Moments before Kevin was determined to die, suddenly he found himself desperate clinging to live:
“I remember thinking very clearly, ‘Kevin you can’t die here, if you die here, no one will ever know that you didn’t want to. No one will ever know that you knew you made a mistake.’ And I broke the surface.'”
With all his fractures, his asthma and his unsuitable clothes Kevin was still in danger of drowning:
“I couldn’t breathe, and I kept going down,” said Kevin. “Every time I went down, I’d go down further, and then I’d have to swim back up, spit out salt water, go back down, spit out saltwater, go back down… I couldn’t even yell. I tried to scream, my lungs were impacted. I couldn’t do it.”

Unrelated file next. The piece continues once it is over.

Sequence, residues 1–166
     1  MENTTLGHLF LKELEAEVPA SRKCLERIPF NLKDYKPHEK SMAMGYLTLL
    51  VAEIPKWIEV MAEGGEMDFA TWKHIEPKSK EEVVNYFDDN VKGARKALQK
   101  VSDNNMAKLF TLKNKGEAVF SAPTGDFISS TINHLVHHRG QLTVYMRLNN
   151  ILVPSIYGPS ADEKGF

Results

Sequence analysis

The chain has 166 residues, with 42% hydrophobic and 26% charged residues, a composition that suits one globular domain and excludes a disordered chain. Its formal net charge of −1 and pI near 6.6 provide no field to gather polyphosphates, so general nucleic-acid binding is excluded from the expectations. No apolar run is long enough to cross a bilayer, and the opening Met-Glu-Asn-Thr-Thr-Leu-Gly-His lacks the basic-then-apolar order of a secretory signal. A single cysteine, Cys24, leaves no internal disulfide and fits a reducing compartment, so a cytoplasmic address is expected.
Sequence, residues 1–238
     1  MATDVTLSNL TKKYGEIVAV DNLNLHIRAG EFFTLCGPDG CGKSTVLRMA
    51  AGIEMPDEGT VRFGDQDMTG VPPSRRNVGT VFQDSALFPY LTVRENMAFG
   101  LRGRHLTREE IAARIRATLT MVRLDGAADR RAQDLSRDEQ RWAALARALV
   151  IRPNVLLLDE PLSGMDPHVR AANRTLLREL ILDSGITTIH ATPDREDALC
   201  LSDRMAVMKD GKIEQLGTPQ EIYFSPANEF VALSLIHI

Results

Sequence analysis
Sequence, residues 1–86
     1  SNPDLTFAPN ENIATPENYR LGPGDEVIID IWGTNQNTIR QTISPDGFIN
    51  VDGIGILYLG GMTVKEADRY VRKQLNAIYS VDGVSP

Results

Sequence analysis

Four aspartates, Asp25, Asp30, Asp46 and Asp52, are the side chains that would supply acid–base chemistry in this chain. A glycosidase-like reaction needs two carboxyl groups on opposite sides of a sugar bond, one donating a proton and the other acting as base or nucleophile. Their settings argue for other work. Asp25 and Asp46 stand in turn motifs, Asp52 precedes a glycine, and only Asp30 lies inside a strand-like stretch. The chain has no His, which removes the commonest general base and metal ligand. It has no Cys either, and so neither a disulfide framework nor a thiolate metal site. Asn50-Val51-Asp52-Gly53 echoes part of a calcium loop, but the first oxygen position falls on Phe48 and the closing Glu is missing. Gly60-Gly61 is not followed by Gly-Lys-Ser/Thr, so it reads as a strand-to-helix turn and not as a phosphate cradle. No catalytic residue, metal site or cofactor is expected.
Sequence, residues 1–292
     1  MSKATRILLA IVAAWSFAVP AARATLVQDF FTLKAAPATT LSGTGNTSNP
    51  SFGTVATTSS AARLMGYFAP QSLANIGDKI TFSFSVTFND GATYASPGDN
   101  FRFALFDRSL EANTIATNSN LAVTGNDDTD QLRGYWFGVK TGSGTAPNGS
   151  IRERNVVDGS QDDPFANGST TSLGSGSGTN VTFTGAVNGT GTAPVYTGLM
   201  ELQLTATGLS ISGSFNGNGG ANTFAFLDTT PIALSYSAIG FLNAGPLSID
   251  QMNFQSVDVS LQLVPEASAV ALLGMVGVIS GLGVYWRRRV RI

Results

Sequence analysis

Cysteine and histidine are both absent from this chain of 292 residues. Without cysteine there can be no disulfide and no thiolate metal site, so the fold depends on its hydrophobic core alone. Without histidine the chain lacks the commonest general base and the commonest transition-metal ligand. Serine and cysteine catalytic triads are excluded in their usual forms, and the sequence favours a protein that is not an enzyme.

Suddenly Kevin got some unexpected company:
“Something began circling beneath me, and I mean something very large, very slimy and very alive. And I’m freaking out, and I’m thinking ‘You’ve got to be kidding me, I didn’t die jumping off that stupid bridge, and a shark is going to eat me?’
A man who saw Kevin jump of the bridge saw what it was:
It wasn’t a shark, it was a Sea lion.
And it didn’t bite him, it got underneath him and nudged him to the surface every time he submerged into the water.
Saving his life over and over again.
Within 12 minutes, a Coast Guard Team pulled Kevin out of the water.
For much of the time since that day 18 years ago, Kevin Hines inspired millions of people to get help. He even fought to get a safety net constructed under the bridge to deter people from jumping.
Moral of the story: